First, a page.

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Photoshop CS5 One-on-One: Advanced, the second part of the popular and comprehensive series, updated for CS5, follows internationally renowned Photoshop guru Deke McClelland as he dives into the workings of Photoshop. He explores such digital-age wonders as the Levels and Curves commands, edge-detection filters, advanced compositing techniques, vector-based text, the Liquify filter, and Camera Raw. Deke also teaches tried-and-true methods for sharpening details, smoothing over wrinkles and imperfections, and enhancing colors without harming the original image. Exercise files accompany the course.
Recommended prerequisite: Photoshop CS5 One-on-One: Fundamentals.
I've saved my progress as The integrated logo.psd, and in the next exercise I'm going to show you how to create a little burst coming off of this woman's necklace, and let me show you what that looks like. If we switch to Pout magazine.psd, you can see this tiny little burst right here, and that's a really great Shape tool trick that I want to share with you. But first I want to show you when I was switching back and forth between these two documents bearing in mind that Pout magazine.psd is the version of the cover that I created before I began recording this chapter.
I noticed that there were a few changes, and so you'll see a few shifts when I change back to The integrated logo.psd for one thing, the top of my image is more extended inside the progress file, and that's because I exaggerated that stretch a little bit just for demonstrational purposes. That doesn't bother me at all. Also, if I switch to the other document, you'll see that that swash underscore changes a little bit. Well, that's bound to happen, because that was a hand draw. But what's bothering me more is the teaser text, Make Him Love You and New Miracle Diet! is spaced more generously inside of my progress file than it is inside of the final cover, and that's something I'd like to change because I like the tighter spacing better, and also in switching out the Kerning, which is what we're about to do here, I end up revealing something of a flaw, something goes wrong as you'll see, and I want to show you how to accommodate such problems.
So, let's go ahead and switch back to The integrated logo.psd, and I want to select the layers inside this teasers group. However, just clicking on the group is not enough because if I now bring up let's say the Character panel and I try to change the Kerning value, right now it's telling me that it's Optical, which is actually not true. Optical has nothing to do with this group here. Optical is now my default setting. So changing it to some other setting is not going to have any effect on the layers inside the group. What I need to do instead is go ahead and twirl the group open and then select the actual text layer.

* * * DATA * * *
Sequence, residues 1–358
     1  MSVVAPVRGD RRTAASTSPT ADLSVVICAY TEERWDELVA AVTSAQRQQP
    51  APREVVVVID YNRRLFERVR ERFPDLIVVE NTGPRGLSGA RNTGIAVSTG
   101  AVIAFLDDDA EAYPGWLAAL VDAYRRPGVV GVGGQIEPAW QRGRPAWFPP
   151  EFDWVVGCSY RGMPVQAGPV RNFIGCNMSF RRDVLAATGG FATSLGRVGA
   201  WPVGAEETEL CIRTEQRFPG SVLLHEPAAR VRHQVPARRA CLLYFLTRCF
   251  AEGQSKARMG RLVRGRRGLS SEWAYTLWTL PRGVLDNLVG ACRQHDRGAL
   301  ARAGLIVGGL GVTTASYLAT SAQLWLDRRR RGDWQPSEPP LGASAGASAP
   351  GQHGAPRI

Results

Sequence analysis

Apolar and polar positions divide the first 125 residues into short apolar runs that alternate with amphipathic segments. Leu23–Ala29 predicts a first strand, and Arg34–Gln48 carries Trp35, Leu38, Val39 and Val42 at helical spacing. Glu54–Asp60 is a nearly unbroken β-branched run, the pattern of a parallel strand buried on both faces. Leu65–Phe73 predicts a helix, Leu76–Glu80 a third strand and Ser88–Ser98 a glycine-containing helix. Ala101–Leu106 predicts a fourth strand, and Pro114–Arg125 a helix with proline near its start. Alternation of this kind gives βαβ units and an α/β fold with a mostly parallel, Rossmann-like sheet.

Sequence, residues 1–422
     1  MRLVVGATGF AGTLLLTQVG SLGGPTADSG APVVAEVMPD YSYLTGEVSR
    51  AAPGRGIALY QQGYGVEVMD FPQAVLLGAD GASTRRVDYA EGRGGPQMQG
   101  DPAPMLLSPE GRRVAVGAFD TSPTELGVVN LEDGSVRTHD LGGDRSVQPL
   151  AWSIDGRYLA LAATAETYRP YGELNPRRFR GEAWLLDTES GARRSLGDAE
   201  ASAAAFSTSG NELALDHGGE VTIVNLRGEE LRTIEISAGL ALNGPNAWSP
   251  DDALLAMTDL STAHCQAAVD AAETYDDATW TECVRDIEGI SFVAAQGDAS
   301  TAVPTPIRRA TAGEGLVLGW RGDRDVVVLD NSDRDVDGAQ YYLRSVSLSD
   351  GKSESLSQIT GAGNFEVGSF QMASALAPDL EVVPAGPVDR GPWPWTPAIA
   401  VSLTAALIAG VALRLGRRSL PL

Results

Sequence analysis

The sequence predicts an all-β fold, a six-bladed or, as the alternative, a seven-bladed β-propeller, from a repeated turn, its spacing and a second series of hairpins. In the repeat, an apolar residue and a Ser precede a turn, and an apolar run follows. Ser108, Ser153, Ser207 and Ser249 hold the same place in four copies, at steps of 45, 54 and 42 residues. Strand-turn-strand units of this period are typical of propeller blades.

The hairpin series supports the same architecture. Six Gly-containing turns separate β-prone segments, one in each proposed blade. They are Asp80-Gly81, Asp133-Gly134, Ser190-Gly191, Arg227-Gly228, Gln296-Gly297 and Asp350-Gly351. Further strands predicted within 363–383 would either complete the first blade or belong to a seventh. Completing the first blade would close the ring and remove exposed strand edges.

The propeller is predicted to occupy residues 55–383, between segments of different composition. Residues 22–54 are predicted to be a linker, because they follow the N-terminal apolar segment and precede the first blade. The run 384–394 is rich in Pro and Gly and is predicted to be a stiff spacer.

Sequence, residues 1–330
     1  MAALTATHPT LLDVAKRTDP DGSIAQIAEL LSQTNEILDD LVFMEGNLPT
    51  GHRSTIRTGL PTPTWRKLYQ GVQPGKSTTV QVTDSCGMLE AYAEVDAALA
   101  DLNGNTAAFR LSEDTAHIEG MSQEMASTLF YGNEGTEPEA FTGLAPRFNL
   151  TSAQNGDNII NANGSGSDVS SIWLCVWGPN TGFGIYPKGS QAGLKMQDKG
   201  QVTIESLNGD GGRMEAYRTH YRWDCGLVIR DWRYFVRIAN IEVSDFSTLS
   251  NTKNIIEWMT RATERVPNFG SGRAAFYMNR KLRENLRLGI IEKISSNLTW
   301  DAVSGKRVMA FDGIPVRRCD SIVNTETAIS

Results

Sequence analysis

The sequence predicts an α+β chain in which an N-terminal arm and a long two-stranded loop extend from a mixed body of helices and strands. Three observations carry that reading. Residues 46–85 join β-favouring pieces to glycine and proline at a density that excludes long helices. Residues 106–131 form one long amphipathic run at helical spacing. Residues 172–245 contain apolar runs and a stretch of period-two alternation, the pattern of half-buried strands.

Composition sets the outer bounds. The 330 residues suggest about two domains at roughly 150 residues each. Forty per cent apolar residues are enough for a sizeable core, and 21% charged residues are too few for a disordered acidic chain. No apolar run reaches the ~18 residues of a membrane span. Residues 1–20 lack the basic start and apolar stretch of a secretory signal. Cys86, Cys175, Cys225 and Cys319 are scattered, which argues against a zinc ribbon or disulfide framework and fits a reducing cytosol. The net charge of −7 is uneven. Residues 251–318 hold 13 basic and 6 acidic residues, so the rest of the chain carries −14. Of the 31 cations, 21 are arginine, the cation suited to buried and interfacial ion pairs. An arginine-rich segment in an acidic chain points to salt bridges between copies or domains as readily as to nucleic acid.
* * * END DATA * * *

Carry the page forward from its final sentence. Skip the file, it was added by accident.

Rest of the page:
So I'll click on one, and I'll Shift+Click on the other, and that ends up selecting that entire range of text layers inside the teaser's group, including the one that's currently turned off, and that doesn't matter. Now, I can change the Kerning setting, and I'll actually modify the kerning of my text here inside of the Image window. Now, I want to be able to see what I'm doing, currently I'm covering up this text on the right-hand side. So, I'll go ahead and scroll over a little bit so that we can see New Miracle Diet!, and notice I want you to keep your eye on this text because the text over here on the left-hand side of the screen is going to shift for the worse in just a moment.
So, watch the text that's going to shift for the better. I'll go ahead and change this setting from Metrics to Optical, and before I do, I have to relate something here. In my conversations with the typeface engineers, the guys who are in-charge of creating the huge library of Adobe fonts, these guys are very, very proud of the fact that they spent so much time on their kerning metrics among other things, but there's a lot of care and attention that goes into the design of these fonts. So these guys resent that there is this Optical setting right here because after all you're taking the Metrics, these kerning pair Metrics that have been designed by real human beings on a character by character basis.
They've spent all kinds of time on this process, and you're replacing it with Optical, which is basically robot kerning. You're just putting Adobe in charge of the entire process. So their take on it is Optical is for non-Adobe fonts. It's for those guys who aren't spending nearly as much time and attention on their fonts as the Adobe team is, so use Optical for non-Adobe fonts if you need it, and then use Metrics for the Adobe fonts, but here is the reason I bring this up, when I choose Optical, I think the spacing gets better. So watch New Miracle Diet! and Learn to Eat Without Swallowing, notice how it changes for the better, in my opinion, that text gets tighter.